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Physics/Natural frequency of the water molecule

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Question
Water has many fascinating properties, some well know and others less so. One of the properties of water is its molecular natural frequency. This seems though to be a not so well know property of water. What is the natural frequency of the water molecule?
Also, does the three states of water have an influence on the molecular natural frequency of the H2O molecule?

Answer
There's not just one "natural frequency" for water.  There's a whole spectrum of them.  Rather than re-invent the wheel, I searched for a reference and this one seems to have the basics down:  http://en.wikipedia.org/wiki/Electromagnetic_absorption_by_water  
If you're talking about resonant macroscopic sound frequencies, those are much too low.  You may have seen widely discredited work on the internet to the contrary, but there's a reason that research is not considered credible by real scientists.  To convert wavelength to frequency for light, just divide the speed of light (3*10^8 m/s) by the wavelengths mentioned in meters.  For sound, you'd have to find the speed of sound for the particular (solid, liquid, vapor) type of water you're talking about.  There are many rotational and vibrational processes in water, and they're different depending on the form of the water (solid, liquid, vapor).  Those differences, to answer your question (see the first graph on that reference page, the caption explains) about the state of the water having an effect on its resonant absorption frequencies.  The forces between the molecules are different for the different states, so intermolecular forces are responsible for the differences in the graphs, of course.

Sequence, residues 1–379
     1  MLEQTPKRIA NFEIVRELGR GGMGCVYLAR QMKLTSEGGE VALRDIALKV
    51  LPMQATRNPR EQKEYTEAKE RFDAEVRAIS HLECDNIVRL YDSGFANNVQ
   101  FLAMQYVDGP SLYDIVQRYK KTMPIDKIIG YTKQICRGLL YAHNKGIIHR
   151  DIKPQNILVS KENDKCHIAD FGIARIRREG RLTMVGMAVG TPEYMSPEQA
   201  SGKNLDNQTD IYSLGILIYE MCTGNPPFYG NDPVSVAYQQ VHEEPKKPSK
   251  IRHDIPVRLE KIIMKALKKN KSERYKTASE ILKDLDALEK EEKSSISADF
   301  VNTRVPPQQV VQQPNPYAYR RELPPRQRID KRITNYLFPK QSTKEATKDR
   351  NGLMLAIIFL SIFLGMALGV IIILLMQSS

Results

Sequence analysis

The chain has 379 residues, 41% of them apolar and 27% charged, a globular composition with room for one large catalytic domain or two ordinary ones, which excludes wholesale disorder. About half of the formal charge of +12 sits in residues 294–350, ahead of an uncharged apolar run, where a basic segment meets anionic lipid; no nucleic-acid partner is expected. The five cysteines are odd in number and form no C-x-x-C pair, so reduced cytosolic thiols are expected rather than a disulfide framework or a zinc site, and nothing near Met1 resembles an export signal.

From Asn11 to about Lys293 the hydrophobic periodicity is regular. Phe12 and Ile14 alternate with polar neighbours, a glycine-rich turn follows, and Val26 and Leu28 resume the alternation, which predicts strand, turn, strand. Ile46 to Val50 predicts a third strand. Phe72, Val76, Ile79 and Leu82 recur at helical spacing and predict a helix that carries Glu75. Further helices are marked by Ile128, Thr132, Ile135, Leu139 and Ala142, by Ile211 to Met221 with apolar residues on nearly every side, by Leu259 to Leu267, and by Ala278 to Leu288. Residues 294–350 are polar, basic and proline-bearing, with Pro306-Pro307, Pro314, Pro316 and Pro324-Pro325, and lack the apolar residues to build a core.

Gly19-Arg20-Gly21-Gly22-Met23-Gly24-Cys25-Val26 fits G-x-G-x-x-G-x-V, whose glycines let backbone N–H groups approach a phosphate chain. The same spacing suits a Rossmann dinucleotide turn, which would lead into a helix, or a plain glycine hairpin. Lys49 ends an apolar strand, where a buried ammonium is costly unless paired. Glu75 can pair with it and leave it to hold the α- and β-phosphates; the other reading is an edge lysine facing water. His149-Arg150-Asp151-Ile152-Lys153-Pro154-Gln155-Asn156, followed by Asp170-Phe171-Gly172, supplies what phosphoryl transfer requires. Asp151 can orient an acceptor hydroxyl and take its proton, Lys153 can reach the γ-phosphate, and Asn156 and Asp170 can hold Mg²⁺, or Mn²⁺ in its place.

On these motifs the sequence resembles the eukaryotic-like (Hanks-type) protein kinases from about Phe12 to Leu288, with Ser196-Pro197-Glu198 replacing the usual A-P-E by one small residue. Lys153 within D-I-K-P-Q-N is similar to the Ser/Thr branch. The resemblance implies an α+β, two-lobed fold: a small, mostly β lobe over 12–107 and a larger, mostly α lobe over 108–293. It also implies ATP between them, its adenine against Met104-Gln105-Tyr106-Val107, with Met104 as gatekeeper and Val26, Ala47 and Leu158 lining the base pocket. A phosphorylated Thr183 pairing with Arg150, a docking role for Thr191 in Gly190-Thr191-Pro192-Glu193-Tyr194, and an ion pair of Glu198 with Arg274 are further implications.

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Dr. Stephen O. Nelson

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I can answer most basic physics questions, physics questions about science fiction and everyday observations of physics, etc. I'm also usually good for science fair advice (I'm the regional science fair director). I do not answer homework problems. I will occasionally point out where a homework solution went wrong, though. I'm usually good at explaining odd observations that seem counterintuitive, energy science, nuclear physics, nuclear astrophysics, and alternative theories of physics are my specialties.

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I was a physics professor at the University of Texas of the Permian Basin, research in nuclear technology and nuclear astrophysics. My travelling science show saw over 20,000 students of all ages. I taught physics, nuclear chemistry, radiation safety, vacuum technology, and answer tons of questions as I tour schools encouraging students to consider careers in science. I moved on to a non-academic job with more research just recently.

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Ph. D. from Duke University in physics, research in nuclear astrophysics reactions, gamma-ray astronomy technology, and advanced nuclear reactors.

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